Why New Hampshire Is So Important

By: by Dan Balz
By: by Dan Balz

(Washingtonpost.com) A few months ago, New Hampshire's reputation for delivering spellbinding primary elections was in danger. But if trend lines hold, a pair of contested primaries Tuesday will deliver outcomes with potentially enormous significance.

Just months ago, Sen. Hillary Rodham Clinton was building a substantial lead over Sen. Barack Obama and her other Democratic rivals. Former Massachusetts governor Mitt Romney, capitalizing on the apparent collapse of Sen. John McCain 's campaign, was opening a lead in the Republican race.

Today Clinton is frantically trying to slow the momentum of a surging Obama, who rode into the state Friday morning after his victory in Iowa and has played to enormous and enthusiastic crowds. Obama has opened up a clear lead, and a second victory over Clinton would leave the New York senator's candidacy gasping for breath - but with her advisers already determined to try to mount a comeback.

If you wanted a measure of how discombobulated her campaign has been since Iowa, look no further than the memo sent out under the name of chief strategist Mark Penn - and reportedly approved by her inner circle of advisers - shortly before the Democratic debate on Saturday night.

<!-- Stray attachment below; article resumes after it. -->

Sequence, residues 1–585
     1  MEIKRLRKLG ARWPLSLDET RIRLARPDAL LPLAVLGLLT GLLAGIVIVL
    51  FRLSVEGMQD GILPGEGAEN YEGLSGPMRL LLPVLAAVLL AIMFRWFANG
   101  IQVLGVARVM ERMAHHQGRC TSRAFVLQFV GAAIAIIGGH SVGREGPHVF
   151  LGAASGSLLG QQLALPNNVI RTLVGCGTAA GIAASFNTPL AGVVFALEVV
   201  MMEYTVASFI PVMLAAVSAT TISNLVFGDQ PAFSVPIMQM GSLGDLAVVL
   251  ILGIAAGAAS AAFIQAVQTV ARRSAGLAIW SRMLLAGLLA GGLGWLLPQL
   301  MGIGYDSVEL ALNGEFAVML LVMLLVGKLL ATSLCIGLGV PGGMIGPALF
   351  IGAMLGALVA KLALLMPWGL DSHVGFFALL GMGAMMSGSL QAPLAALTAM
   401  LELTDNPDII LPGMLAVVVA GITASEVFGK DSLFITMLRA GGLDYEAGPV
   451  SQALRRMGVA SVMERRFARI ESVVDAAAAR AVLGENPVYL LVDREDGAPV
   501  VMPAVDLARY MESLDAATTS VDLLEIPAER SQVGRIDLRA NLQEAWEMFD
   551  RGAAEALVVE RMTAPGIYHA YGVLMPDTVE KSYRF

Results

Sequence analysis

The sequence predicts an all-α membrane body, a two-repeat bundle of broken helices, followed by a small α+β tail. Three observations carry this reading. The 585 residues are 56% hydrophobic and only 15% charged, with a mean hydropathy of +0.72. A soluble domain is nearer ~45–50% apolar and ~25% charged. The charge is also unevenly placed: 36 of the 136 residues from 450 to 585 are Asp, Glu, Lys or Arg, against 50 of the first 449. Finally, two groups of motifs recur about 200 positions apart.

"Where is the bounce?" the e-mail subject line read. Noting two newly released polls that showed a close race in New Hampshire, Penn argued that there was no statistically significant change in the Democratic contest pre- and post-Iowa.

At the time, surveys showed the race still essentially tied, but it was clear from all evidence on the ground that Obama was moving up. Within 24 hours, the memo was rendered inoperative, as new polls showed Obama with a lead of about 10 percentage points, which is where Monday night surveys put the race.

On the Republican side, McCain is the focus - his revived candidacy aided by disarray in the GOP field and by Romney's loss to former Arkansas governor Mike Huckabee in Iowa. Now Romney's outcome may depend on whether independents, who backed McCain eight years ago, move in major numbers to the Democratic primary and Obama.

The huge crowds that have greeted the candidates here in the past four days foreshadow a potentially record turnout - topping the 2004 Democratic primary, when 221,000 voters participated, or the 2000 Republican primary, when 239,500 did so.

"The state is as involved as it's ever been," said Tom Rath, a strategist on Romney's team. "We're going to have massive turnout."

The Republican race appeared more competitive on primary eve, but the Democratic contest holds the greater significance, if only because of what it may say about the future of the couple who gave the party consecutive White House terms for the first time since Franklin D. Roosevelt's presidency.

Top Clinton campaign officials and alarmed allies are braced for a defeat on Tuesday. Five days is not enough, they have argued, to slow and reverse the momentum Obama developed in Iowa. What they are looking to do is hold down his margin in New Hampshire and then try to restart the race on Wednesday, hoping to stay alive until Feb. 5, when many of the biggest states in the nation will hold primaries.